Quite a number of years ago, we began observing the Lord’s Supper on a weekly basis. Quite a bit went into that discussion beforehand, but one of the striking things about our preparations for it was the warning I got from an experienced minister. He said that when we went to weekly communion, we should expect a great deal of sin to be flushed out of the system. In the Supper, God deals with us. In the Supper, God brings things to a head. And, as it turns out, he was right.
Without the Supper, a Christian worship service can come to resemble a college classroom, or a lecture series, or a civic meeting. And of course, in none of those settings is deep fellowship necessary. But we have been breaking bread together, and drinking the cup of the new covenant together now, for quite a number of years. Not only is this a means of grace for you—when you come in genuine faith—it is also a covenantal affront to those who are not walking in that genuine faith. And so, not surprisingly, sins, affronts, disputes, differences, and offenses can all come bubbling to the surface.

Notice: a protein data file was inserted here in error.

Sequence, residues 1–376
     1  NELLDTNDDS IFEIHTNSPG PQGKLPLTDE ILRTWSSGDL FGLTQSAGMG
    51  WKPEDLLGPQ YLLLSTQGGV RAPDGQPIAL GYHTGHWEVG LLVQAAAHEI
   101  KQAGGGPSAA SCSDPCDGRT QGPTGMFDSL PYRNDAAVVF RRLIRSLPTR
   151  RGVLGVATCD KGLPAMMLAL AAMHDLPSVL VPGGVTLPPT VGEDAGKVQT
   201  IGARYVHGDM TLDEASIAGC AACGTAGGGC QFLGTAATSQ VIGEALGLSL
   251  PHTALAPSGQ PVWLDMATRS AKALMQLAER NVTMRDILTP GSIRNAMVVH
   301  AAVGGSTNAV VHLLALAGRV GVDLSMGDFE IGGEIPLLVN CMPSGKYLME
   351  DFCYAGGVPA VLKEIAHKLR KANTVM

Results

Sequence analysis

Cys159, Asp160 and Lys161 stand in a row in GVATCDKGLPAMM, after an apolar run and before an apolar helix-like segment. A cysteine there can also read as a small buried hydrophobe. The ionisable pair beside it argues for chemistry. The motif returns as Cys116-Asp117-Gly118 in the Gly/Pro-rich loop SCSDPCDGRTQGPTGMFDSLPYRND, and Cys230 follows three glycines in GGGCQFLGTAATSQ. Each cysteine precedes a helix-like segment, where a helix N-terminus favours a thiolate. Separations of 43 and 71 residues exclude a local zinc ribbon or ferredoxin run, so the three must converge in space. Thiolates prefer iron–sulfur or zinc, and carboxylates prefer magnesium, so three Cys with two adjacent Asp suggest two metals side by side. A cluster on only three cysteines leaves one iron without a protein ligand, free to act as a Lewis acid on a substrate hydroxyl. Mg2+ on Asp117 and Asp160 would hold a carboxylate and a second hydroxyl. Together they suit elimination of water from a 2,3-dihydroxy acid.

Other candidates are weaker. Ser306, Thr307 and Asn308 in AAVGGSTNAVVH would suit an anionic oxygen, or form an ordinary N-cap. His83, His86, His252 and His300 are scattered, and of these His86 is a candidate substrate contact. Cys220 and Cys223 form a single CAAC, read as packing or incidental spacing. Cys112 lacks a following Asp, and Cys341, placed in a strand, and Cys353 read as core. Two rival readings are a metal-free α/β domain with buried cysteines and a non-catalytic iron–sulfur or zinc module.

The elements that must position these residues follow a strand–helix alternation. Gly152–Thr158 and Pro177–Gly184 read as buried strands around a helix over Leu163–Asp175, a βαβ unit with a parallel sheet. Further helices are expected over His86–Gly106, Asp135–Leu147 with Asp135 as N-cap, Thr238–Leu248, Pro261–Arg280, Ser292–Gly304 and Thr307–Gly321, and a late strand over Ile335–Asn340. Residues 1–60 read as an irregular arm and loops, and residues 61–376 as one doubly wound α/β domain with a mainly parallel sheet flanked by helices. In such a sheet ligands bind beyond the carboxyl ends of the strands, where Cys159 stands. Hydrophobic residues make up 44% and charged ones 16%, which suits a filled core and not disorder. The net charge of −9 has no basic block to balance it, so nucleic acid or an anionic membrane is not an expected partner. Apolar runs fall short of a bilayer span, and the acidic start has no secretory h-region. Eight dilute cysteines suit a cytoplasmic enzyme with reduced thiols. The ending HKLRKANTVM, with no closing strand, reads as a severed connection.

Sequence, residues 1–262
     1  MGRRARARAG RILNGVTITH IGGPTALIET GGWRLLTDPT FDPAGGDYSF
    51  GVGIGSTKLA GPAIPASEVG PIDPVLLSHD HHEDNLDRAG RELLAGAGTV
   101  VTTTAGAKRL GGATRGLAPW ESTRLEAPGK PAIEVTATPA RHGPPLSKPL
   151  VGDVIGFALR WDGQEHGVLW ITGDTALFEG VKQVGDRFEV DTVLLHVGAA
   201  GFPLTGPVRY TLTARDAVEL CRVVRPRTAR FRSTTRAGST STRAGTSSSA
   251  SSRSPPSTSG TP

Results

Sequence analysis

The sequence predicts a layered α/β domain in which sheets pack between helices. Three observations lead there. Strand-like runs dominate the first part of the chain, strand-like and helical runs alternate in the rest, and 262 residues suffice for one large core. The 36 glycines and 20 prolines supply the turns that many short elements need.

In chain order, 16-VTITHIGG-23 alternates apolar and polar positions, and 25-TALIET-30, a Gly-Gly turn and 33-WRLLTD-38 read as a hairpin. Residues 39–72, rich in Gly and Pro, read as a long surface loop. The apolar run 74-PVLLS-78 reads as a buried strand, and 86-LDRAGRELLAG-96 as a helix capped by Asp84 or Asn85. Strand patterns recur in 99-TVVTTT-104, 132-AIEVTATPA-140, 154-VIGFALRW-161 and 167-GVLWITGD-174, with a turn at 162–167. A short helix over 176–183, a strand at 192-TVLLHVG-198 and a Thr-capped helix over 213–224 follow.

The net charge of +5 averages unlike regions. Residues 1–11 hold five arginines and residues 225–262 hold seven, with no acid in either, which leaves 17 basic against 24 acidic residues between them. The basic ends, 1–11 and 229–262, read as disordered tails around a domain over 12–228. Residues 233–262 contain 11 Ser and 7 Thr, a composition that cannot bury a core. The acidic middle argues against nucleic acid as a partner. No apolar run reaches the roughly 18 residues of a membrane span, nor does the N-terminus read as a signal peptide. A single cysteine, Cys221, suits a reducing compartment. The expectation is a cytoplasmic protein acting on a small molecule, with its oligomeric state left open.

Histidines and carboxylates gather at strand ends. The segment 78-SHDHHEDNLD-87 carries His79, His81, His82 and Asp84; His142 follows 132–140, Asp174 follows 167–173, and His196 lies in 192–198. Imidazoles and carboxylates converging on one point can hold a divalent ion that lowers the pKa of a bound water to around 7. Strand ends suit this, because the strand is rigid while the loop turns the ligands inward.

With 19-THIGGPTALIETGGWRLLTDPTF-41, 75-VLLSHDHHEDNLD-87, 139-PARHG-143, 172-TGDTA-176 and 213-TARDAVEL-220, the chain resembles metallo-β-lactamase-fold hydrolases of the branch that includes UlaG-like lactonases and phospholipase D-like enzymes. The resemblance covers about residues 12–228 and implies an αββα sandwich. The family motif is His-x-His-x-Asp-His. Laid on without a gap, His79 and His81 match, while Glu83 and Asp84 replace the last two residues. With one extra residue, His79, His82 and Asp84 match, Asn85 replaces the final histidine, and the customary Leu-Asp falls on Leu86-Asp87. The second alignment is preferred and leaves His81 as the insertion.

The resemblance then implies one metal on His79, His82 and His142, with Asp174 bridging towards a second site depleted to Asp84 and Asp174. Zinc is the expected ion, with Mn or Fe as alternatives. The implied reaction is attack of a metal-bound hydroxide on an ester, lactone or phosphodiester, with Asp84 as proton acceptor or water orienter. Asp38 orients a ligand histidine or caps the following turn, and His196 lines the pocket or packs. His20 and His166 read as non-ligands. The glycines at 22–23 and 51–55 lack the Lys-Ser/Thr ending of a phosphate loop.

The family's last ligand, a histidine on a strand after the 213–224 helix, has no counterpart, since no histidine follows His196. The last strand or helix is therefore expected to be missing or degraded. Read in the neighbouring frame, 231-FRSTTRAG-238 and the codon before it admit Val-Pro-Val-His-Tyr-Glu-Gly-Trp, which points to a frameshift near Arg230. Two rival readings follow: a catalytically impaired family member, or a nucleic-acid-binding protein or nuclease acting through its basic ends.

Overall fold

One of the reasons they do this is that the affront gives an excuse for departing, and when we depart we no longer have to deal with the demand that the Supper places upon us. Look around you. These are your brothers and sisters in Christ. They will eat from the same loaf. They will drink from the cup. The Lord Jesus is communing with them just as He is doing with you. This places a weighty responsibility upon you. If we walk in the light, as He is in the light, we have fellowship with one another. And the blood of Jesus Christ cleanses us from all sin.
So let the Supper bring things to head. Do not flee. Do not stay in order to suppress the work of the Spirit in your heart. Stay, and eat. Stay, and drink. Stay, and believe in Jesus.
So come, and welcome, to Jesus Christ.